Former Sen. John Warner, R- Va., who is also a former secretary of the Navy and was chair of the Senate Armed Services Committee, will speak at 3 p.m. Oct. 13 in the University Center Theater.
Warner will be joined by Phyllis Cuttino, U.S. director of global warming, Pew Environment Group, Jim Pocock, professor of civil and environmental engineering, U.S. Air Force Academy, and David Havlick, assistant professor, Geography and Environmental Studies. A panel discussion is planned for a program titled “The National Security Implications of Climate Change.”
Faculty, staff and students are invited to attend. Seating is limited.
To see a video of Warner talking about climate change, visit http://www.eenews.net/tv/video_guide/1041.
In recent media interviews, Warner said the issue of climate change is not limited to the concerns of environmentalists and that the U.S. military is doing extensive research that includes the impact of global warming. Because natural disasters such as droughts, tsunamis and floods often require the intervention of U.S. military personnel, national security becomes involved. By telling voters that their sons or daughters or next-door neighbors may be sent out on a military mission prompted by climate changes, he said he hopes to make them aware of the urgency in addressing environmental issues.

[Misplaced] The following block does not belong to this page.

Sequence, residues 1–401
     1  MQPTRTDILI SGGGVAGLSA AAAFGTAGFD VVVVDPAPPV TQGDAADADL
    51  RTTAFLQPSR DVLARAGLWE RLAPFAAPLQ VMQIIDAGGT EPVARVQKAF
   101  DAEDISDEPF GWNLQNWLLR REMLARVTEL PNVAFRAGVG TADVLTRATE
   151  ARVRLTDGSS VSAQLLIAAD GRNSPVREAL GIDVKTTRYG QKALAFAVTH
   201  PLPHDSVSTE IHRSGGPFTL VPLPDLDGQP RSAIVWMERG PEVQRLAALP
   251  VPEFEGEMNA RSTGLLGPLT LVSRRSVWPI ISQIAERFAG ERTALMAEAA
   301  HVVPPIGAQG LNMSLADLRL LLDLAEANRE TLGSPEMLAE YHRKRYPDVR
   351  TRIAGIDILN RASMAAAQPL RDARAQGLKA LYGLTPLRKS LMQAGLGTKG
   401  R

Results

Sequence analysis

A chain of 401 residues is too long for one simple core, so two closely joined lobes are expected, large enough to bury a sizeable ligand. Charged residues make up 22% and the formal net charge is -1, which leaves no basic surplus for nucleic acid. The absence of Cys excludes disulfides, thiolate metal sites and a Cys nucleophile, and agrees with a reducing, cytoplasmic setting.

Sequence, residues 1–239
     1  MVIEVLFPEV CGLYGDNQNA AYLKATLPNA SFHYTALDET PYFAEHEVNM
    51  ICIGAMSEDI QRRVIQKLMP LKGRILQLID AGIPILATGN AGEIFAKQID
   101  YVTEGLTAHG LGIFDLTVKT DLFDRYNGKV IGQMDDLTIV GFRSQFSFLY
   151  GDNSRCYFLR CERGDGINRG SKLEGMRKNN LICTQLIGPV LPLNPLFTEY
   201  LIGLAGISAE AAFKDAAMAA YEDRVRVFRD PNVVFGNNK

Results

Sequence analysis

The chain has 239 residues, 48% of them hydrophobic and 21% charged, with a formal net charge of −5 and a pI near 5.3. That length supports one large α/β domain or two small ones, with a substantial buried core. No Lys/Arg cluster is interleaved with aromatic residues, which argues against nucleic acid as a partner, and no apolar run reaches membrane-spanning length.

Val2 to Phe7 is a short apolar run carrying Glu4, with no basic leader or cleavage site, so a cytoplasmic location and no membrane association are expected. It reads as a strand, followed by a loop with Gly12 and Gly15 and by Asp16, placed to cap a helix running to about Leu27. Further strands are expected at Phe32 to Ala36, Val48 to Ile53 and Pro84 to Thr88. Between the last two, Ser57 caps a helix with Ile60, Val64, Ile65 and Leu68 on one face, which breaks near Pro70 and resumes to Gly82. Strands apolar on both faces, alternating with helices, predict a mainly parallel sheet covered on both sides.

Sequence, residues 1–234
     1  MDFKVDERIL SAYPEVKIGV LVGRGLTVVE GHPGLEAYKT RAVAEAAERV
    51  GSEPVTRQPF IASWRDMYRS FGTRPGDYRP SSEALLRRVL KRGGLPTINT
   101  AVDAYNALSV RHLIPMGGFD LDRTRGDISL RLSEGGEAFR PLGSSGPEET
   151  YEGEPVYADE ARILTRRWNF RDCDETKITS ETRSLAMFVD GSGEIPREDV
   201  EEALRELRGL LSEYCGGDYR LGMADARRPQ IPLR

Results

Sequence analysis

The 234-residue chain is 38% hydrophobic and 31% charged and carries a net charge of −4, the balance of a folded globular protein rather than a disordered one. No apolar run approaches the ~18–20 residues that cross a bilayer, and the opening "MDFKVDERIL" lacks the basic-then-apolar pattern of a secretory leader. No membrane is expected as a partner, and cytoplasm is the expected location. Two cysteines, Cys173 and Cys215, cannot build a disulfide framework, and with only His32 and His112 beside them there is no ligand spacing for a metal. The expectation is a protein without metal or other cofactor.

Working with the Pew Project on National Security, Energy and Climate, Warner has traveled across the country in the past several months bringing his message to the public.
Warner testified to Congress three times about global warming and national security and plans to do so a fourth time this fall. On the road, he does radio interviews, meets with students and civic leaders, participates in forums, and makes appearances like the one scheduled at UCCS.
Warner has expressed concern that drought, famine, floods and other consequences of global warming will be worst in politically or economically unstable regions. Possibilities include toppled governments, terrorist activity, island nations threatened by rising seas, damage to U.S. military installations in coastal areas, and increased military and humanitarian demands on U.S. forces.
The Pew Project on National Security, Energy and Climate is an initiative of the Pew Environment Group, the conservation arm of The Pew Charitable Trusts, a non-governmental organization dedicated to improving public policy. The project is dedicated to highlighting the linkages between national security, energy independence, the economy and climate change.
Visit www.pewglobalwarming.org for more information.